The UK government does not routinely publish data on charter flight deportations. However, it does release some information on the numbers and destinations of people deported on these flights in response to Freedom of Information (FOI) requests. We have the basic figures for 2014 and 2015 thanks to an FOI request submitted (by someone not connected to the authors of this report) in April 2016, to which the Home Office eventually replied five months later, in October 2016. The Home Office has regularly refused to give certain further information on these flights such as the names of the contractors operating the flights.
1,877 people were deported on charters in 2015 (2,364 in 2014): that is, about one in ten of all those deported with force through either “criminal deportations” or “enforced removals”.
The destinations in 2015 were: three flights to Afghanistan, 11 to Albania, three calling at both Kosovo and Albania, six to Nigeria and Ghana, and 14 to Pakistan, plus one special flight to Morocco carrying only one deportee. In 2014 there were more flights to Afghanistan (nine), 12 to Kosovo and Albania, five to Nigeria and Ghana with another four only to Nigeria, 13 to Pakistan, and one flight to Jamaica. As far as we are aware, the main destinations have been the same in 2016, except that there have been no charters to Afghanistan, and there was again a flight to Jamaica in September 2016.
Pakistan is the biggest destination for charter deportations. 729 people were sent there in 2015 (934 in 2014). 706 people were deported to Kosovo or Albania (554 in 2014). 336 people were taken to Nigeria or Ghana (429 in 2014). In 2015, 75 people were sent on charter deportations to Afghanistan, some way down on the 404 in 2014. In 2014, 43 people were deported by charter to Jamaica.
Media reporting of deportation charters typically presents them as containing dangerous “criminals”. In fact only 24% of those sent on charter flights in 2015 were criminal “deportations” (in 2014 it was 21%). 5% of those all those removed on charter flights in 2015 were women, 7% in 2014.
Campaigners against charter flights have highlighted the particular torture of the “reserve” system, in which many more people are booked on flights than are actually deported – sometimes dozens are taken on coaches from the detention centre, waiting for last minute news from lawyers or officials about their cases, before being sent back or released at the last minute. In 2015, in fact 4,276 people were given “removal directions” for charter flights, but only 1,877 flew in the end.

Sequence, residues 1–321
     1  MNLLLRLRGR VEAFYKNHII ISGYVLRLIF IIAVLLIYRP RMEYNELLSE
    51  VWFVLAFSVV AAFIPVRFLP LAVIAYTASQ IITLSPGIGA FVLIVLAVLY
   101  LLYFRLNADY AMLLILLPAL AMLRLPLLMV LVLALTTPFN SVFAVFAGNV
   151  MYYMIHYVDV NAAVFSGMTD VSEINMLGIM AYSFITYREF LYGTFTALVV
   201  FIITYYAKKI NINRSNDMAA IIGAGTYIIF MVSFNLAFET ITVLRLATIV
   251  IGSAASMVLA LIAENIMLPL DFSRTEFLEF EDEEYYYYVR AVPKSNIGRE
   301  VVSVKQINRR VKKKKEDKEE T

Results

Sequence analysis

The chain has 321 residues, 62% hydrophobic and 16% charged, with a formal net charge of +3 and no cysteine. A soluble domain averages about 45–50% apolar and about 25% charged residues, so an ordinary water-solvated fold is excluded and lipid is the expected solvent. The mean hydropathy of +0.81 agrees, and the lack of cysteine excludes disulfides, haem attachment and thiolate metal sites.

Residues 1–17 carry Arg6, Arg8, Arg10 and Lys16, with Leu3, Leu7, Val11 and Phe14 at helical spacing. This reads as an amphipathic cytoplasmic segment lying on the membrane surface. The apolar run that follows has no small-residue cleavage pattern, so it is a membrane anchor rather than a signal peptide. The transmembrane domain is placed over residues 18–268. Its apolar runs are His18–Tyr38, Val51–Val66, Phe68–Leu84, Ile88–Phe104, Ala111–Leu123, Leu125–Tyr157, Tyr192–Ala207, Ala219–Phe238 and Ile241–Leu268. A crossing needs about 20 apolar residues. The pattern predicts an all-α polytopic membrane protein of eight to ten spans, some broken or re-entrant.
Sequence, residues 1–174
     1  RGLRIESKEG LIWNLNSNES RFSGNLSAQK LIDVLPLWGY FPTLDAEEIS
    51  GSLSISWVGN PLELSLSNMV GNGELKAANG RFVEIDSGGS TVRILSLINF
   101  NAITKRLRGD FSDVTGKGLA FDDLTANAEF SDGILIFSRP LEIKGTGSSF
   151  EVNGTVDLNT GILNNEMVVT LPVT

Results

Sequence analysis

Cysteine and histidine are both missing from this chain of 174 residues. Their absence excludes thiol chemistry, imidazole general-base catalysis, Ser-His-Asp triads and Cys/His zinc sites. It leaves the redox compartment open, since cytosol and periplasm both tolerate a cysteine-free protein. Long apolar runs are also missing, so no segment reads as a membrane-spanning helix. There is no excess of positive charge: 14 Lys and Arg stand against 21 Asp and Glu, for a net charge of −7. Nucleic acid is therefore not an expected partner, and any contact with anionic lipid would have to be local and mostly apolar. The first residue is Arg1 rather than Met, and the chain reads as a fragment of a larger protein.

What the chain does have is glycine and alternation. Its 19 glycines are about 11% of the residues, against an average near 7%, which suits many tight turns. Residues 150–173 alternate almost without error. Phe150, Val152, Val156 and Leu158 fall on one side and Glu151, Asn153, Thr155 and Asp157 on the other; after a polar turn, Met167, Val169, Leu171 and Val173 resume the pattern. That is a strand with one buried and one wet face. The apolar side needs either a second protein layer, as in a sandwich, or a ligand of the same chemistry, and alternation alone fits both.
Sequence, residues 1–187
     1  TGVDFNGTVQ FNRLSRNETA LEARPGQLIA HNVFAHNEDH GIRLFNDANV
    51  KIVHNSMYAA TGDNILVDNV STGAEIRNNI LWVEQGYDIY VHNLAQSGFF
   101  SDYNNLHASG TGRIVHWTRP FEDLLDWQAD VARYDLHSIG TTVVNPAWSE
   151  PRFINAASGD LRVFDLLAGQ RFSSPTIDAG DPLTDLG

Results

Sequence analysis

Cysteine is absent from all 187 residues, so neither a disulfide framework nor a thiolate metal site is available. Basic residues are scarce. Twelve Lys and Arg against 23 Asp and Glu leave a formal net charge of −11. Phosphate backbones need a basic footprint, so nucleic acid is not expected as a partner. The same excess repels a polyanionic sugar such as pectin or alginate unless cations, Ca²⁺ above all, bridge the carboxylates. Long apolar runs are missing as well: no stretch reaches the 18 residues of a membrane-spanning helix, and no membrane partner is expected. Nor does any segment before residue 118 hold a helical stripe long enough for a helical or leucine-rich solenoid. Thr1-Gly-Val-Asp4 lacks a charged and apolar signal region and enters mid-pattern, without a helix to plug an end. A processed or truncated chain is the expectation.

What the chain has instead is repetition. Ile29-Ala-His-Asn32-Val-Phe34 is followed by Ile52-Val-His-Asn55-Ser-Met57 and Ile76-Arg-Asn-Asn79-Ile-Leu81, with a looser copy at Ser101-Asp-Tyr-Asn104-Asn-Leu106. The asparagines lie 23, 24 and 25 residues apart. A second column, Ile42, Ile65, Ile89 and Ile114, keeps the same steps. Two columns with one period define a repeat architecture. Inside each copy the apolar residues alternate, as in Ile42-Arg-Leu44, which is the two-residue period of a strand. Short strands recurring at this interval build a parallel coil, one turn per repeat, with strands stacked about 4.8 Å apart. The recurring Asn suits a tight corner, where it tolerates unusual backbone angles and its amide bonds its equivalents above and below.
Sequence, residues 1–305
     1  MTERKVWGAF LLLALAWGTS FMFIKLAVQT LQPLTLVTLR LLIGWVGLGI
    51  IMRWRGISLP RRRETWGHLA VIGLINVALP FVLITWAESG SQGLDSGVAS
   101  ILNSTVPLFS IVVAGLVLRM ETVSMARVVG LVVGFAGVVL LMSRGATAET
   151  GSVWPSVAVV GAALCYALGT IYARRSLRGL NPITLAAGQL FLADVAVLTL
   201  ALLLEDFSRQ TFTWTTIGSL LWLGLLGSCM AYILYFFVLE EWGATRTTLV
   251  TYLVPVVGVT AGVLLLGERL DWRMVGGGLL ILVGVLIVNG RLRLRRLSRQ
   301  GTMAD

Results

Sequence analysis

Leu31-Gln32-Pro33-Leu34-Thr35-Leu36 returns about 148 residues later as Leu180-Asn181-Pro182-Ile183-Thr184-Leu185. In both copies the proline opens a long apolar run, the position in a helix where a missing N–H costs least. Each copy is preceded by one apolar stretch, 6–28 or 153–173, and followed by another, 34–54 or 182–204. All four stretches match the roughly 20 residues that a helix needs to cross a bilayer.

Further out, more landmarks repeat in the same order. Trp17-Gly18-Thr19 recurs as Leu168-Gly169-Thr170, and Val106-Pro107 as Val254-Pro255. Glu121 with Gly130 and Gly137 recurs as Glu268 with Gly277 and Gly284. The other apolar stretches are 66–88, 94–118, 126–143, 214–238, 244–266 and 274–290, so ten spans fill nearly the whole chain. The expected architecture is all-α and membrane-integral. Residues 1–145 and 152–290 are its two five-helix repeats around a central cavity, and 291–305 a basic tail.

Corporate Watch’s 2013 report on charter flights, “Collective Expulsion”, analysed in some depth the expenses of charter flights, and considered some of the reasons why the UK Home Office chooses to use this means despite the cost. The report highlighted a number of possible factors.
1) Meeting targets. Charter flights are a quick way to organise mass deportations of particular nationalities, so helping meet Home Office headline targets. A 2002 government white paper explained: “Despite the cost of charter flights, this is a very efficient way of enforcing the volume departure of those who have no right to stay here.”
2. Stifling rebellion. This aim was very clearly put in 2009 by David Wood, then UKBA head of Criminality and Detention, who explained that the charter flight programme is:
“a response to the fact that some of those being deported realised that if they made a big enough fuss at the airport – if they took off their clothes, for instance, or started biting and spitting – they could delay the process. We found that pilots would then refuse to take the person on the grounds that other passengers would object. So although we still use scheduled flights, we use special flights for individuals who are difficult to remove and might cause trouble.”
3. “Deterrent effect”. As with other aspects of the UK border regime, for instance detention centres and Immigration Raids, charters are less about the actual numbers of “illegals” removed from UK territory, than the terrorising effect they have on those who remain or who might yet arrive. (For more on this point see the recent Corporate Watch report on Immigration Raids.)
4. Foreign policy tool. Charters only go to a select number of countries where the UK has specific agreements with partner governments. Charters have a particular symbolic value in international relations, perhaps in a number of respects. For example, they may be used to demonstrate that a country is now “safe” after British military intervention: as in the cases of Kosovo and Afghanistan, and less successfully Iraq. In the Sri Lankan case, Tamil campaigners argued that charters also served as an instrument of the Sri Lankan state in both “normalising” its post-war regime and terrorising the Tamil diaspora. In the cases of Nigeria, Jamaica, Pakistan and other charter destinations, these agreements may play other complex material and symbolic roles within wider trade, aid, and “security” negotiations with Britain’s former colonies.